Governments and NGOs must direct resources toward climate equity

The session concluded with a panel led by Sonali Sharma, senior director of sustainability and engagement with Johnson & Johnson. The discussion focused on what cities and NGOs are doing to combat the disproportionate impact of climate change on underserved members of their communities.

City of Los Angeles Air Quality Advisor Irene Burga shared how a C40 Cities sponsorship from Johnson & Johnson made a significant difference for the municipality. Prior to receiving the funding, the city relied on regional or state agencies to address air quality impacts on community health. With its C40 Cities sponsorship, LA was able to establish health benefits analyses for some of the key targets of the city's Green New Deal plan. The plan includes transition to 100% zero-emission vehicles, 100% building electrification and an 80% reduction in industrial emissions by 2050.

Policy changes and community-focused initiatives produce outcomes everyone can celebrate

That analysis yielded stark proof of the urgency of green policies. "We found that those actions alone will reduce mortality by close to 2,000 people per year, will avoid significant amounts of respiratory and cardiovascular disease, and also the city will save billions of dollars," said Burga.

Los Angeles has also launched a Climate Emergency Mobilization Office, which addresses environmental justice issues with a participatory model of governance. To ensure inclusion, this organization has established listening and feedback sessions with underserved communities.

Boston organization focuses investment on equity

The Boston-based Conservation Law Foundation has long examined the disparate impacts environmental challenges have on marginalized communities. The organization's Healthy Neighborhoods Equity Fund brings new sources of capital to mixed-use and mixed-income real estate projects. CLF's Director of Environmental Planning, Deanna Moran, said the effort catalyzes the creation of healthier, more environmentally sustainable neighborhoods.

Uplifting one struggling city will generate pathways for many more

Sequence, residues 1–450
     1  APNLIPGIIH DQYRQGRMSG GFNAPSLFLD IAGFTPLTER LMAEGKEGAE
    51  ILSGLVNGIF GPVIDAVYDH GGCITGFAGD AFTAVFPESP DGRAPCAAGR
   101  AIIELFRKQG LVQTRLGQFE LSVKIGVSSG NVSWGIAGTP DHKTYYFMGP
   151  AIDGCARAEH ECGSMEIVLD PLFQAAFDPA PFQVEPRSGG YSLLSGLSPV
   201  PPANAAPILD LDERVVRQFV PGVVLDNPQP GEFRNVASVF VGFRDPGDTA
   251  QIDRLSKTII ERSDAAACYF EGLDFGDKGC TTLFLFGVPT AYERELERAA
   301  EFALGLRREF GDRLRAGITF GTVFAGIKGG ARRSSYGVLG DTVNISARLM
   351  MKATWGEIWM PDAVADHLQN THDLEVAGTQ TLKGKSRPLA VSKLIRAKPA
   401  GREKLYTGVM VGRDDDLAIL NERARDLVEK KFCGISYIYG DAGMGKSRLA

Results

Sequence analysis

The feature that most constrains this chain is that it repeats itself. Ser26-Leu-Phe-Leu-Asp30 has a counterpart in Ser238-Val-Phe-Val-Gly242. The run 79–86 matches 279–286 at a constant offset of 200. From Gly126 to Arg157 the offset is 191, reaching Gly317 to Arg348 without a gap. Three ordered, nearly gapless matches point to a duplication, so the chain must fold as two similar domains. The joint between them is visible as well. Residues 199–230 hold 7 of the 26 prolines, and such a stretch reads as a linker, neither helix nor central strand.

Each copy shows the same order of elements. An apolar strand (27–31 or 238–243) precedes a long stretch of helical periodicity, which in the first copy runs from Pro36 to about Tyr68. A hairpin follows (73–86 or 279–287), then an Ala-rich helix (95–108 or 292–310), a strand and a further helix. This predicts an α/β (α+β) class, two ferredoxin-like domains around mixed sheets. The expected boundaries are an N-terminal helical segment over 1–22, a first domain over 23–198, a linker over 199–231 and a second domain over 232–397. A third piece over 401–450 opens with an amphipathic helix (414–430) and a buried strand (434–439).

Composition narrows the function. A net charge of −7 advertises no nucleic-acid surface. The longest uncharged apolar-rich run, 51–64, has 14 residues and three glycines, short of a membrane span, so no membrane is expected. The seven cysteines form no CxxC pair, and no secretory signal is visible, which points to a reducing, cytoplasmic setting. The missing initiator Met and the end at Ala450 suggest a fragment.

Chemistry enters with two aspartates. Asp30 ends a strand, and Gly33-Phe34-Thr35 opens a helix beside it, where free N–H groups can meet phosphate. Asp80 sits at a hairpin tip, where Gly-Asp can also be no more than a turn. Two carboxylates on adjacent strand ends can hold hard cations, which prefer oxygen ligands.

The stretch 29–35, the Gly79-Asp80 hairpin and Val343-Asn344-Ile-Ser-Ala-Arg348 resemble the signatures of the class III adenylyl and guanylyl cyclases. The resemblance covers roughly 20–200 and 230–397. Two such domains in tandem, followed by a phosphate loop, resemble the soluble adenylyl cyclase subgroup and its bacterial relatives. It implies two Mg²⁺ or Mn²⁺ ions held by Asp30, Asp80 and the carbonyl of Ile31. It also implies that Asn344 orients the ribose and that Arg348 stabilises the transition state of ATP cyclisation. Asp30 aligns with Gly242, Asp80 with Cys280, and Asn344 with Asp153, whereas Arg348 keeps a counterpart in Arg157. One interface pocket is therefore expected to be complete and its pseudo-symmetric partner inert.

Leveraging a grant from a Robert Wood Johnson initiative to address health, equity and climate change, CLF brought its approach to Lawrence, Massachusetts. The majority-minority city is at once low-income and home to a high concentration of current and former brownfield sites. It also experiences disproportionately high disease and mortality rates. The grant is helping CLF determine how and where to create active corridors that are safer and more comfortable for people to walk and bike or take public transportation.

"We're tying all of that together with some strategies to leverage the natural systems in Lawrence to address one of the things that residents are increasingly concerned about, which is climate-induced extreme heat," explained Moran.

Trusted community partners can make all the difference

To engage Lawrence residents, CLF has partnered with a community organization that has worked in the city for decades. While the community organization leverages its connections to build trust and facilitate engagement, CLF brings its technical expertise and guidance to the partnership.

"That combination has been really effective," Moran said. "We would love to see that kind of model be exported elsewhere in our region and outside of it."

The integral links between justice for the earth and justice for its inhabitants are increasingly clear

While medical leaders like Holder and organizations like CLF have long worked to bring attention to the connections between health, equity and climate change, participants in the Climate Week NYC session believe public awareness is increasing.

"We're starting to see a real shift," Moran said. "People are trying to understand you really can't disentangle health from environment."

To view the video in full, visit Climate Week NYC 2021 Facebook Watch.